This can be critical, especially in the case of sabotage. Attackers will need only to enter and reach the target without the need to leave the site with some materials or information stolen.
Image source – isa.org
This one is straightforward to catch up.
It states that regardless of the attacker's way toward the goal, he should meet an equally effective set of barriers and constraints. In the world of practice, it means the equal time of delay through the physical barriers.
Imagine the solid wall with door and windows in there, where windows have only one layer of glass and nothing more, whereas the door is hardened along with the best practices of
That is it, the above-described system is not balanced.
Image source – slideshare.net
If you are not comfortable with this term, I can propose something more familiar for you, a risk-based approach.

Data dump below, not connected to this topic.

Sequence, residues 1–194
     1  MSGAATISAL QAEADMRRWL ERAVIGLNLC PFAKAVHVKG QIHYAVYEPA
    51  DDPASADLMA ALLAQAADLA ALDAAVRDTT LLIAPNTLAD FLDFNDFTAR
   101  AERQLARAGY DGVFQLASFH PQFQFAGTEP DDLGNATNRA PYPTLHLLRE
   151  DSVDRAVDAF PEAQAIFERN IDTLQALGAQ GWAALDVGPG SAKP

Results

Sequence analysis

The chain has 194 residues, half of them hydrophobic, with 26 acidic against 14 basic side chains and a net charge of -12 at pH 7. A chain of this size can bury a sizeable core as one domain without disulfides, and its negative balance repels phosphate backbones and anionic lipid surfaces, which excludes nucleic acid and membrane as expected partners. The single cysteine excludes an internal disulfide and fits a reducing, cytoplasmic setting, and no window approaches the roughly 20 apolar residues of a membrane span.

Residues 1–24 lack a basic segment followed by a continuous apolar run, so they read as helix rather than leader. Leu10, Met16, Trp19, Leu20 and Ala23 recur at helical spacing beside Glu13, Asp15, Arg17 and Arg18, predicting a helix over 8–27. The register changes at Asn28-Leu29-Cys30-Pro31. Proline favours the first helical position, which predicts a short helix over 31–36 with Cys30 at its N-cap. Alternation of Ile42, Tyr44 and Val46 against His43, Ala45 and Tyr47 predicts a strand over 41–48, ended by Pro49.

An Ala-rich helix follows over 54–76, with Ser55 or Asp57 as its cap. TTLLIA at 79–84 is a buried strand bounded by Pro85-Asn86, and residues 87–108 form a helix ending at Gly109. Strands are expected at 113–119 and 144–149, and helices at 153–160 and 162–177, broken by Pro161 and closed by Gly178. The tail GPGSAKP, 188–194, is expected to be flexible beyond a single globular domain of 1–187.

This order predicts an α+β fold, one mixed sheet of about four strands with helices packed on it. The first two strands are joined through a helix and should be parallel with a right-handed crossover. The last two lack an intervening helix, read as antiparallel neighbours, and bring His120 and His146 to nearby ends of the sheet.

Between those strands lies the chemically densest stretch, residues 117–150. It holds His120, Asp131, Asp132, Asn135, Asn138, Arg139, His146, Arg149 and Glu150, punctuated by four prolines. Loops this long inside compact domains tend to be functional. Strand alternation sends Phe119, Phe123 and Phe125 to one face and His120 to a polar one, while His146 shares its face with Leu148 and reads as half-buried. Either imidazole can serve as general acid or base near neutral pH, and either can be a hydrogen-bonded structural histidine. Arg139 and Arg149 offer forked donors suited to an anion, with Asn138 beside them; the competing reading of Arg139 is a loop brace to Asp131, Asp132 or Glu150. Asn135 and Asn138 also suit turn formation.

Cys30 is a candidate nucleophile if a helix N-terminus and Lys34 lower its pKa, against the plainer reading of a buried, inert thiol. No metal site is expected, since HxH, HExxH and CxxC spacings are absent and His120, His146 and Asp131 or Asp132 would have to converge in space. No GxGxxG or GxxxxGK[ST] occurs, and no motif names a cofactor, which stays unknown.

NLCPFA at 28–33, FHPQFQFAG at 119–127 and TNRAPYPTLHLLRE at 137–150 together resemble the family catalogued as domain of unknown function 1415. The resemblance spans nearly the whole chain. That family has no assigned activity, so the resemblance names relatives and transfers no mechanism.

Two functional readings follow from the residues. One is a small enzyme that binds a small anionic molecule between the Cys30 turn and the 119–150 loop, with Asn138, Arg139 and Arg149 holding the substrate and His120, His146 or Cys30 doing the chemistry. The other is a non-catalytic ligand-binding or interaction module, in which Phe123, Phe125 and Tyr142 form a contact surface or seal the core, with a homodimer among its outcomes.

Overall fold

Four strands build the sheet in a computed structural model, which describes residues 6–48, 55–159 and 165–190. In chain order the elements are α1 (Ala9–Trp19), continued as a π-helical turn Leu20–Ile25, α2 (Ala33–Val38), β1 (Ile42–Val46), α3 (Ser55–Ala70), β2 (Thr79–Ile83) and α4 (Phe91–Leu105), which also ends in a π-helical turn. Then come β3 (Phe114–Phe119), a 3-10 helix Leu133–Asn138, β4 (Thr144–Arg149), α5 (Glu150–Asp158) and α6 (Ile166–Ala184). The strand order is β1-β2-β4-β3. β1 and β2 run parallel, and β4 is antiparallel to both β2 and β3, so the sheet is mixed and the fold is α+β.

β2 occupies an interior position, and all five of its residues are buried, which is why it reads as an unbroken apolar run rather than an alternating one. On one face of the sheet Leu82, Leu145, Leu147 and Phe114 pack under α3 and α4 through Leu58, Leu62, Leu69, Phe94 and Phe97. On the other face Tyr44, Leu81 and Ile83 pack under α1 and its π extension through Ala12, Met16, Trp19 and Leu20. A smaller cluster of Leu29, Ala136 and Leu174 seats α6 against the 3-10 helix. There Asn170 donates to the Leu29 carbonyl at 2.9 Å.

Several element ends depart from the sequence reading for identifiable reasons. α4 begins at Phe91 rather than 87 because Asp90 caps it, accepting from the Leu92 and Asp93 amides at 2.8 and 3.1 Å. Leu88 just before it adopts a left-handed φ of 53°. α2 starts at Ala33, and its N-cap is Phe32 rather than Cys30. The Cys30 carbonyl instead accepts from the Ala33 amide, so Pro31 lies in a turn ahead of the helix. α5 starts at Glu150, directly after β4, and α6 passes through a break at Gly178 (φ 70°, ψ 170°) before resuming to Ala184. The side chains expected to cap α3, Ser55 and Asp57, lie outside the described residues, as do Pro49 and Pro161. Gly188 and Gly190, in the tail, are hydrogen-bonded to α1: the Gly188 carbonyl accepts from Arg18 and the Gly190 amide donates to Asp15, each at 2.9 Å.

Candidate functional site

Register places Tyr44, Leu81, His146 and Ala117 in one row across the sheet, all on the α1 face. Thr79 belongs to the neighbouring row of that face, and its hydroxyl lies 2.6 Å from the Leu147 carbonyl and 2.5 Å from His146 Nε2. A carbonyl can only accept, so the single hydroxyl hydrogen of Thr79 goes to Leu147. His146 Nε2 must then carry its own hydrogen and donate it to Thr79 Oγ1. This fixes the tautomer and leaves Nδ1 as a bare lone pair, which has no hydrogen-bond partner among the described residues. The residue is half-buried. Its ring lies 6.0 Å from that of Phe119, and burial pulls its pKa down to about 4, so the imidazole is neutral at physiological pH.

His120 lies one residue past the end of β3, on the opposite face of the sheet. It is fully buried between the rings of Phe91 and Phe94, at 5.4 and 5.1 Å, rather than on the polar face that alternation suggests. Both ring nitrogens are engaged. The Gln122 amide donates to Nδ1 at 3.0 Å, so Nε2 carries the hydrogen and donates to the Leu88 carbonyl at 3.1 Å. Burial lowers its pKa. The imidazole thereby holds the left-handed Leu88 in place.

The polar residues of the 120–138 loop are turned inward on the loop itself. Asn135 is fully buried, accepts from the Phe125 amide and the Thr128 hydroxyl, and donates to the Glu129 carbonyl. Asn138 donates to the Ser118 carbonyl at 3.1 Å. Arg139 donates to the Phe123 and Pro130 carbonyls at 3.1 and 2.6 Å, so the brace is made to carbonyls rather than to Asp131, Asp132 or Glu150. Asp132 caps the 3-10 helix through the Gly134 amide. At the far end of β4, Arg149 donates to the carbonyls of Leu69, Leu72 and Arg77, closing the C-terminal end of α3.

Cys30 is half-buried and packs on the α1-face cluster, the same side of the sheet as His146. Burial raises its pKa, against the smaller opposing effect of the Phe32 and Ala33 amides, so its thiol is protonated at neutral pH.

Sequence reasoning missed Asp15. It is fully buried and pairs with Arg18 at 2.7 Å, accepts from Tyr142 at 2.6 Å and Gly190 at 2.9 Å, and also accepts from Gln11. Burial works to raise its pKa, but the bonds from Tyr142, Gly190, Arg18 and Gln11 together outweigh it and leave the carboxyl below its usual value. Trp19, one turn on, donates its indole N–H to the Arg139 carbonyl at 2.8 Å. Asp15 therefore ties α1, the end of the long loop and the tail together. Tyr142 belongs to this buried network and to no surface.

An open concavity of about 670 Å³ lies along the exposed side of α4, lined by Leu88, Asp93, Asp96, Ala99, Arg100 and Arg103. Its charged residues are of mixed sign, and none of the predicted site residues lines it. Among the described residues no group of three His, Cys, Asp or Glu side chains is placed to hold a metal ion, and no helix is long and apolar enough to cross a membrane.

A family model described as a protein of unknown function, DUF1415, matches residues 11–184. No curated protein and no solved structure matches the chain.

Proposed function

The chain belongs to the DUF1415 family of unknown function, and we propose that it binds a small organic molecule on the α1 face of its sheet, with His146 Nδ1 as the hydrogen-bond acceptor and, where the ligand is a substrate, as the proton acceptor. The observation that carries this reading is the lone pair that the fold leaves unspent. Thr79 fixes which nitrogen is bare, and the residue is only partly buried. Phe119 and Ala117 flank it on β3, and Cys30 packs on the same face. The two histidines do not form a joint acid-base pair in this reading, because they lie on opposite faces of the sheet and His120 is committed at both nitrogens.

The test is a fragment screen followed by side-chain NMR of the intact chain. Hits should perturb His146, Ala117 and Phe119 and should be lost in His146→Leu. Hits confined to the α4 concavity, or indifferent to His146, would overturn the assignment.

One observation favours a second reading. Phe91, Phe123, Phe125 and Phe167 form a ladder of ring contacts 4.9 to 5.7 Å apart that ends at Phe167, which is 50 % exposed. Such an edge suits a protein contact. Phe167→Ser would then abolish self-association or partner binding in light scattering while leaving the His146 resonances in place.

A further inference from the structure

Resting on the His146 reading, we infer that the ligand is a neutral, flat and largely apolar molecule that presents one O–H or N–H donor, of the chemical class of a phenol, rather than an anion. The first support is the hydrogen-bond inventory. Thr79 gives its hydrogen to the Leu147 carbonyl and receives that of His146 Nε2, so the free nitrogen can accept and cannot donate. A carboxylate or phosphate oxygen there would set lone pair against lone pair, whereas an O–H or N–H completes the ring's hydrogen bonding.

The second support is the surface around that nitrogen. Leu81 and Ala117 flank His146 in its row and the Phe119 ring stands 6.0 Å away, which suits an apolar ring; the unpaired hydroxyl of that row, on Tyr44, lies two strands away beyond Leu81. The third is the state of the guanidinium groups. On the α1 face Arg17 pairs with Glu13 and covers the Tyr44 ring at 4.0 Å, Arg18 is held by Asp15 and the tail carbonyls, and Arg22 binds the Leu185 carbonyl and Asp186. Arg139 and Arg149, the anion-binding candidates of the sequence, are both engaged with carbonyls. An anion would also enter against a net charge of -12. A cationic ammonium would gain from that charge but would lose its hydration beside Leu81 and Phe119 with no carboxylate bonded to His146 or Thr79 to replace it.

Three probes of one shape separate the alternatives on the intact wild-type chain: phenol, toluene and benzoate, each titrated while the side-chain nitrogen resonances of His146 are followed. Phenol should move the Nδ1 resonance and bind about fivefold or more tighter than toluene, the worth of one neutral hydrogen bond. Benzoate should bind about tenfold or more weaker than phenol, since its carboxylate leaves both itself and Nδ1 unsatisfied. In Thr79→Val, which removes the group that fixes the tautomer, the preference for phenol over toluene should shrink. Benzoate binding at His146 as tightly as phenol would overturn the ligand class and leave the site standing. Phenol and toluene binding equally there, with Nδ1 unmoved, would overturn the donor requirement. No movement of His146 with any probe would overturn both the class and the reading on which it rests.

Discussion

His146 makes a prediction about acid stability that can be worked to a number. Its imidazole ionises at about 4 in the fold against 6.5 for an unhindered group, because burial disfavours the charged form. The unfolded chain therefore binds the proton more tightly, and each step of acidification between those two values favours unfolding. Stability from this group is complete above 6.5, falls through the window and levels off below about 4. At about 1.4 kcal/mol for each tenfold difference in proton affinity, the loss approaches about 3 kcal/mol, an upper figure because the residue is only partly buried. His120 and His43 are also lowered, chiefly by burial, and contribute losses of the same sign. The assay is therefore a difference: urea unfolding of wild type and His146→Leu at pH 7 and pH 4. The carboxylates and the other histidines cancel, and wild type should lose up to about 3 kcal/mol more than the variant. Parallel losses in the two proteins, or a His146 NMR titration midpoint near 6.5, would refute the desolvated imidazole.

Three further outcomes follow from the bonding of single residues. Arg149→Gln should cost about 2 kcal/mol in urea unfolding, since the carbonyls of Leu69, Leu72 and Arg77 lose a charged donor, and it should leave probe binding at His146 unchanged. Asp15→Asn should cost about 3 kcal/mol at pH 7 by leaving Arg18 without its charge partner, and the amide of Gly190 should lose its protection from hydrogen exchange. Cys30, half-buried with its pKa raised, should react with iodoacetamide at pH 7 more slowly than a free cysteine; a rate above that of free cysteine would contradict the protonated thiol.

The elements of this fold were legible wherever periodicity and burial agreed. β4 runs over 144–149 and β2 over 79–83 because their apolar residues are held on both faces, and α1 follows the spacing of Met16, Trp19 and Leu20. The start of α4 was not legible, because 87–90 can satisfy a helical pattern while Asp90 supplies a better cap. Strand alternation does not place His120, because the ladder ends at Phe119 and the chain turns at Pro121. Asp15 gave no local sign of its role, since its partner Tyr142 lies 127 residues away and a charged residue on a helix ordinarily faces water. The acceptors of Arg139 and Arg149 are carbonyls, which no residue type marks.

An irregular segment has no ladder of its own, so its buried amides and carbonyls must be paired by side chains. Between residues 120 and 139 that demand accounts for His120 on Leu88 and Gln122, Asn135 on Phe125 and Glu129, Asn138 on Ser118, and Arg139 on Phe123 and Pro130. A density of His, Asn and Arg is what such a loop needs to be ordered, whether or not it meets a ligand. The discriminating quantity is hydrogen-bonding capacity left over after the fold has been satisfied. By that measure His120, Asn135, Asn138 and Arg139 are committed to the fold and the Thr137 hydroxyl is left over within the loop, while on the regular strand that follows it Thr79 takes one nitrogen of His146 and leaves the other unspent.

Based on the criticality of the system, different sets of security measures are required.
Different countries, depending on their internal cultural features, are implementing this principle of their own.
For example, the US uses a performance-based approach to define the set of rules for the particular case. In this case, every participant of this process can make assumptions on how to reach the required level of protection without any limitations of chosen instruments.
Other countries, in their turn, establish very strict prescriptive rules and a list of security controls, which are based on third-party assessment and don't really reflect the effectiveness of implemented measures.
Clearly, protecting the office server with a corporate website on the same level as the financial database server doesn't make any sense of ROSI (Return on Security Investments). As well as otherwise, reduce the security of highly critical applications will put much more risks on the company.
Image source –script.org
Four eyes principle
It is also known as the "Two-person rule". It is widely implemented in many sectors starting with military operations to the financial sector.
I noticed that many people adapted it in a little bit different meaning than it was initially established.